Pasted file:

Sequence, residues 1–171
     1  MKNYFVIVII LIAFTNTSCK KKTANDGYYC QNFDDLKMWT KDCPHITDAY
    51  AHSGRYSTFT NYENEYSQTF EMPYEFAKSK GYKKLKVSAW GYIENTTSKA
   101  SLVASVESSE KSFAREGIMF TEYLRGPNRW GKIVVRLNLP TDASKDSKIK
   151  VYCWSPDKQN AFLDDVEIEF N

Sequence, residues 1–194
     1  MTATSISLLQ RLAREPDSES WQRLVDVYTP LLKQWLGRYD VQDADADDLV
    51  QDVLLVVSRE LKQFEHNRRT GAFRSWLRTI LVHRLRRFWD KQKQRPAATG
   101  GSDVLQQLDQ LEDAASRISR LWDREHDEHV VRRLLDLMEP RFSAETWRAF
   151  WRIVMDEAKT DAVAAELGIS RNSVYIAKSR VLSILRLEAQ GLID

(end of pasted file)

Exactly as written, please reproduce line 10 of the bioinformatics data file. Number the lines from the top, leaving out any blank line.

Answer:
   151  WRIVMDEAKT DAVAAELGIS RNSVYIAKSR VLSILRLEAQ GLID